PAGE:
India’s healthcare is composed of 70% private hospitals and 30% public hospitals. 80% of people do not have protection for their healthcare and the out-of-pocket expenditure stands at 62% which is very high. India also suffers from low expenditure on health at 1.13% of GDP added to this there is dearth of healthcare workforce in the country.
Today we see that 85% of the population cannot afford high cost, corporate health care and this is the specialized treatment with specialist doctors and equipment. Since, they can’t, insurance comes into picture.
We can talk about the Ayushman Bharat scheme where we have around 12 crore card holders and only 1.27 crore card holders have taken advantage of the same. All the private sector hospitals are driven by profitability and return on capital and this insurance only gives them space to expand the bills of the patients even though they don’t get attended in the best interests. While some procedures will be applicable under insurance, some do not.
Social insurance has solved the problem of pooling equilibrium where majority couldn’t afford quality healthcare. Still the hazard of the inefficient attention ails the people.
Talking about health economics, the aspect of competitive equilibrium doesn’t come into picture as the private and corporate hospitals are skewed towards profitability.
Primary health care, secondary and tertiary health care insurance and some of the most neglected things in this regard which further erodes the healthcare system in India. India’s health problem is characterized by a 80:20 rule where 20% people can afford modern health care, the first 40% among the 80 cannot do so at all where the rest 40% struggle to do and push themselves into the brackets of poverty.
People, due to the issue of access and affordability, reach the registered medical practitioners who fill them with unnecessary antibiotics and steroids that contribute to the problem of anti-biotic resistance.
How can this be bettered?
We need to ramp up the number of doctors and provide them with the responsibility in the rural areas as well.
Revive the idea of the licentiate medical practitioners which we had pre-independence era.
We need to empower those graduates with BSc in Nursing to be practitioners and add to the workforce.
The primary health in this regard needs more and more attention and the article says, the funds that are provided have to be doubled so that basic issues can be sorted.
The ratio of nurses to doctors in India is 0.06 nurses per one doctor which according to the WHO should be 3 per doctor and in the states like Uttar Pradesh and Bihar it is even lower.
Hence all these scenarios have to be considered and we need to focus on the small level and the grassroot scenario for our larger picture be bettered.
Maharashtra’s Shakti Bill
This article talks about the negatives in the Maharashtra’s Shakti bill that aims to better the scenario of sexual violence on women and points the redundancy in the same. The authors believe that it follows the same old conventional method and doesn’t speak about bettering the implementation in any way.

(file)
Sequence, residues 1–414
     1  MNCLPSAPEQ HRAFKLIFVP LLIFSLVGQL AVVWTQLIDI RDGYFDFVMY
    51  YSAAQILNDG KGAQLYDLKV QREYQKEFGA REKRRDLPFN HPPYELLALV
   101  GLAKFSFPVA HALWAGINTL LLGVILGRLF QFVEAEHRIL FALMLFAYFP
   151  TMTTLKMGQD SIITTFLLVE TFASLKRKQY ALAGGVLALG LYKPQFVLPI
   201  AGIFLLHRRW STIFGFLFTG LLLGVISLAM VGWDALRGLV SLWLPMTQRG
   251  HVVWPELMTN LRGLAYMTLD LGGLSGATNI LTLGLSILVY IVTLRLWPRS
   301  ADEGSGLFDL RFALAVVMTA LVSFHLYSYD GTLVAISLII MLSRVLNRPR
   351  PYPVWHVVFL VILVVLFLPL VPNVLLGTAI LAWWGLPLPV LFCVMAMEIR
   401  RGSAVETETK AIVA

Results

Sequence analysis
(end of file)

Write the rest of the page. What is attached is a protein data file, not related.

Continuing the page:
The authors add that this suffers from similar cliches like wider definitions, stricter laws and more authorities.
A robust investigative mechanism needs to have:
Fair and just laws
Robust investigative mechanism
Dynamic judiciary and
Though several changes were made after the Nirbhaya case and the recommendations of the Verma committee were implemented, implementation and infrastructure have to be taken care of in the right manner.
The various issues in the bill are as follows:
The bill proposes to punish false complaints and fake information and this adds fear in the minds of women to go ahead with the complaint as they fear that it would be disproven and lead to counter cases. Also, the occurrences of sexual violence are mostly happening behind close doors so there are rare chances that it will be proven.
This also paints women as manipulative liars and unworthy of being trusted.
The bill provides for death penalty to heinous crimes but the very word of ‘heinous’ crimes is not defined and it is left to the discretion of the courts. It is often seen that the judges do not opt for death penalty as we have seen in most cases. Though death penalty has been previously mentioned in several laws, it has not acted as potent deterrent in this regard.
The accused in such cases are the family relatives of the victim in most cases and as a result, the victim will be mostly stopped by the family to take this forward.
Another provision is that the bill says that the investigation should be completed in 15 days, trail in 30 days and appeal in 45 days and it doesn’t provide to what happens if the trail is not completed within the stipulated time and duration.
Also, there can be huge space of mistakes that can take place and miscarriage of justice due to minute faults. We have seen this in previous investigations that this has happened. This is not just keeping the life of the victim at stake but also that of the accused and the career of the investigating officer.
The author adds that these are redundant proposals and the offences and punishments in this regard are mentioned in statues like the IT Act, section 354E of the IPC and so on.
Hence it can be said that instead of having such proposals that are redundant and conventional in nature, we need to focus on the implementation and the infrastructure to deliver effective justice to the people.